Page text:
The first thing my grandma asked when I came out was whether I’d been taking communion. If I go back to my home parish these days, my childhood deacon and his wife—whose dog and plants I used to sit for, who once took me on a road trip to Denver—ask me the same thing.
When I went to college, I didn’t set foot in my campus’s Newman Center. I later learned that might have been, in a strange kind of backwards way, a blessing. Many of my LGBTQ friends walked out the doors never to come back.
So when I stumbled back into a church in my young adulthood, that was my standard. Nobody opined about queer people from the pulpit. Nobody gave me the third degree about communion. Nobody asked me much about anything at all. I thought I’d found paradise.
It wasn’t until coming to STM that I realized that silence is not a blessing—that the silence had me holding my breath and waiting for the other shoe to drop.
Silence offers no comfort to the seminarians and novices and teachers and musicians and parish administrators who have been chased out of their vocations. It does nothing for queer kids absorbing cruelty in Jesus’s name from their Catholic family members and teachers and priests. Silence has no objection to LGBTQ Catholics being denied communion, confession, last rites, or baptism for their children, and it doesn’t convince queer students, who presume that they have no place here, to take the chance on walking through our doors.*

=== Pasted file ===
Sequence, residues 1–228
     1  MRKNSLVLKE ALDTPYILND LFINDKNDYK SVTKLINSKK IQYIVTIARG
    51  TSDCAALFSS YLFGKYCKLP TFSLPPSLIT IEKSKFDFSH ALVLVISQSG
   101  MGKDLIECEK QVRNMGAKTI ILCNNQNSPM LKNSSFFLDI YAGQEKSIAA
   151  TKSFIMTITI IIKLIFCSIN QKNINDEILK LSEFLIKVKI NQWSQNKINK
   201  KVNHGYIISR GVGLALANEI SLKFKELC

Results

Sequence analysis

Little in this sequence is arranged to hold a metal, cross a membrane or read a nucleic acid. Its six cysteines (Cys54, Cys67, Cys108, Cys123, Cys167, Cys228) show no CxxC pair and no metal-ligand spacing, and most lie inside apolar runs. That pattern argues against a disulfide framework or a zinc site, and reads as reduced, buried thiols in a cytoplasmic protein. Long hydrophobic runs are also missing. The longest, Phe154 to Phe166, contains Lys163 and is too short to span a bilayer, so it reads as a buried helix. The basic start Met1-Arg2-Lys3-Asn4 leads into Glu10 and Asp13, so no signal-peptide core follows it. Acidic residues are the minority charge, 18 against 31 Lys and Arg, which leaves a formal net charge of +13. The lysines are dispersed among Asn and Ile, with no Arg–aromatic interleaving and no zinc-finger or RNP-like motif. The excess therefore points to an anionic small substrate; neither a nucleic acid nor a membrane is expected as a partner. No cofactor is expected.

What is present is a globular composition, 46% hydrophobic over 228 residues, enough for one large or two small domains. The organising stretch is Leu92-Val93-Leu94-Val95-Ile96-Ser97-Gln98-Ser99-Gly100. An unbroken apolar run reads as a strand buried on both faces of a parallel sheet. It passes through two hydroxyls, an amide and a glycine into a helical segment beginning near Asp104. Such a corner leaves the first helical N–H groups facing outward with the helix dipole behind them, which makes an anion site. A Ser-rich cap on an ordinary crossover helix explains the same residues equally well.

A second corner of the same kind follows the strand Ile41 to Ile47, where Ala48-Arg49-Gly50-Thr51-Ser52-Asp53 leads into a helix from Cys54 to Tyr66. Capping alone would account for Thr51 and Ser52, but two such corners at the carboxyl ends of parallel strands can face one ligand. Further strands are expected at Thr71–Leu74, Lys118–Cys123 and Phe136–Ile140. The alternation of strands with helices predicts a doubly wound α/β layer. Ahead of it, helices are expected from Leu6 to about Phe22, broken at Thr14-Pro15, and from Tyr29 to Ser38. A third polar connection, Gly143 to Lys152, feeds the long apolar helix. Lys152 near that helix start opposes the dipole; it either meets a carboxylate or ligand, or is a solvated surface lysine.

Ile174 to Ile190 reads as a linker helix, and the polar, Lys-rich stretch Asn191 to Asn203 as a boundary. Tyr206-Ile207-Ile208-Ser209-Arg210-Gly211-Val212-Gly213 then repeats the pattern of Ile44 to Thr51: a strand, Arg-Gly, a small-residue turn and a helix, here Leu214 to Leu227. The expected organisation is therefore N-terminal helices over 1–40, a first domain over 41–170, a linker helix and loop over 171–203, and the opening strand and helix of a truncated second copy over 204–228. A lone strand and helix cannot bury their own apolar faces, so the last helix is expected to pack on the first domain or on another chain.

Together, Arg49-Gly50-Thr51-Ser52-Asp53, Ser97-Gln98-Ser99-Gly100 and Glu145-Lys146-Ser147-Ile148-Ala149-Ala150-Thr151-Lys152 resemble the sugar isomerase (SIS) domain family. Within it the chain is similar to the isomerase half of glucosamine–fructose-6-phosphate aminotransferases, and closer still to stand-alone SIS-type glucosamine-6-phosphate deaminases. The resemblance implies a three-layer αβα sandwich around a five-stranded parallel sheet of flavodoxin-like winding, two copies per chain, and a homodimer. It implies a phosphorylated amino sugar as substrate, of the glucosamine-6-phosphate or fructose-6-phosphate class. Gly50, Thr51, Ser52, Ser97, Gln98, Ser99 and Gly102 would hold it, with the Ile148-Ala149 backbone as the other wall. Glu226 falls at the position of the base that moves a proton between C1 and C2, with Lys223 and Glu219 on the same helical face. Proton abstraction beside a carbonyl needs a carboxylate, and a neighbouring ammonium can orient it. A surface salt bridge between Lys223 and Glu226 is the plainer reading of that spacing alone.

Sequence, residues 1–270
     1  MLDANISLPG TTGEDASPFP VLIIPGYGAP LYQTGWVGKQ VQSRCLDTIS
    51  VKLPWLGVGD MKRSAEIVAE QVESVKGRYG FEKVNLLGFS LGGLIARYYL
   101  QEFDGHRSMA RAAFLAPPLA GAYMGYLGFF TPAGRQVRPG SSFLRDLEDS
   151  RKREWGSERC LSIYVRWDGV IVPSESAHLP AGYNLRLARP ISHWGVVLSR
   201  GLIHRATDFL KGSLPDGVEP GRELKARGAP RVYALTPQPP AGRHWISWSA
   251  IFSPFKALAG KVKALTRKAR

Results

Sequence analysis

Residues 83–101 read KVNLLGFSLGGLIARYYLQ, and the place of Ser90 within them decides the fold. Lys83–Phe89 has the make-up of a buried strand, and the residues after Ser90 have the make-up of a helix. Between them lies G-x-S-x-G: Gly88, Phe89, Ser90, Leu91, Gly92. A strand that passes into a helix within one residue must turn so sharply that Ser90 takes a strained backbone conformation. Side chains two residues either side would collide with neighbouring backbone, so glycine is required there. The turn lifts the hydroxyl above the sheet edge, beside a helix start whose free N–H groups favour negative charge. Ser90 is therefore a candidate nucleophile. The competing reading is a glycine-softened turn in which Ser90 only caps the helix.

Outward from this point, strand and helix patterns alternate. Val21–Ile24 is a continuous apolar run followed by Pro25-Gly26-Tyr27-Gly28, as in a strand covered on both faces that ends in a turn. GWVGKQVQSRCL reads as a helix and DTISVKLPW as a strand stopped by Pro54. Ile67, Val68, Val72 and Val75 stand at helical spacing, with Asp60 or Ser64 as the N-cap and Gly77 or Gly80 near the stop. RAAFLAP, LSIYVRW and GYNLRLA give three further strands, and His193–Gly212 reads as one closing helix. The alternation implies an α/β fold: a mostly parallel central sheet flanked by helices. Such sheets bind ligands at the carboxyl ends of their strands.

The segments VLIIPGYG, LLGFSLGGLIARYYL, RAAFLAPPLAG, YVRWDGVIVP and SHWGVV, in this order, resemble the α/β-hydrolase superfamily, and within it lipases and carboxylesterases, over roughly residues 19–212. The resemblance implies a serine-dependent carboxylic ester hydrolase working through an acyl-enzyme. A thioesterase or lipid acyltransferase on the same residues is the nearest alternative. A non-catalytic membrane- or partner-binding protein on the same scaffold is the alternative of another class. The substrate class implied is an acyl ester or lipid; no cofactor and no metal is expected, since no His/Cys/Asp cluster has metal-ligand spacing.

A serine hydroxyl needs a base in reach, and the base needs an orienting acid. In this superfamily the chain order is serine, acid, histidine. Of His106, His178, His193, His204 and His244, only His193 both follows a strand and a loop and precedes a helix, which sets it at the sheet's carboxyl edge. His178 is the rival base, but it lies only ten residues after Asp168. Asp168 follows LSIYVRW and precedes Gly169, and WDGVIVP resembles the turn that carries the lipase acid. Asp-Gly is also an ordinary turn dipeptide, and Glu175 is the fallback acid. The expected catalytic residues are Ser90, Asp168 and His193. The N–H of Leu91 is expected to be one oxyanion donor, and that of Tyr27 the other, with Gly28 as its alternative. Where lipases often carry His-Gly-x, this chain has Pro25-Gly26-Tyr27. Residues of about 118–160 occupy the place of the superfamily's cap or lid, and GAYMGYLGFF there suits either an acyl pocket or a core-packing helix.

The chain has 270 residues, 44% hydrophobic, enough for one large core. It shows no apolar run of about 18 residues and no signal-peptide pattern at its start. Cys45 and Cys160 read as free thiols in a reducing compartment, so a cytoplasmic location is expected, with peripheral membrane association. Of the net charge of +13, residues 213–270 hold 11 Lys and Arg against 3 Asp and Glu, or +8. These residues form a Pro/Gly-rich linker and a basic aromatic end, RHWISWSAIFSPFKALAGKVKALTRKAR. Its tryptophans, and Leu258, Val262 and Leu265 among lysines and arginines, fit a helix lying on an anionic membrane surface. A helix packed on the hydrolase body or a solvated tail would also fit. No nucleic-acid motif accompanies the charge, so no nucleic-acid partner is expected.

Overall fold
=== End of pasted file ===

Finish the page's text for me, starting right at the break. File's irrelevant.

To do the dangerous thing and quote Martin Luther King, Jr.: “True peace is not merely the absence of tension.” Parishes can and should do better than a don’t-ask-don’t-tell policy. LGBTQ people want to be asked about our lives. We want to tell about our experiences of God.
My ability to love is God’s greatest gift to me, as yours is to you. My ability to love is the way in which I most reflect the image and likeness of God who is Love. When we demean and doubt other people’s ability to love, we demean and doubt God.
When we insist that the full body of Christ is welcome in our Church, we experience God and God’s love in each other. We allow ourselves to be “built together into a dwelling place of God in the Spirit.”
During this LGBTQ History Month, STM invites everyone to experience God’s love in this community.
Students, join the LGBTQ Ministry on Flocknote or by emailing email@example.com. And, everyone, tune in today at 5:30 PM here for Fr. James Martin’s lecture at YDS on the topic of Building a Bridge to the LGBTQ Catholic Community.
*Note: Silence doesn’t help the 40 percent of queer people who are rejected by a family member or close friend when they come out ; it doesn’t stop the ongoing epidemic of LGBTQ youth suicide fueled by that rejection ; it doesn’t repair the fact that queer kids are 120 percent more likely to be homeless ; or, that more than half of trans people report being harassed in public .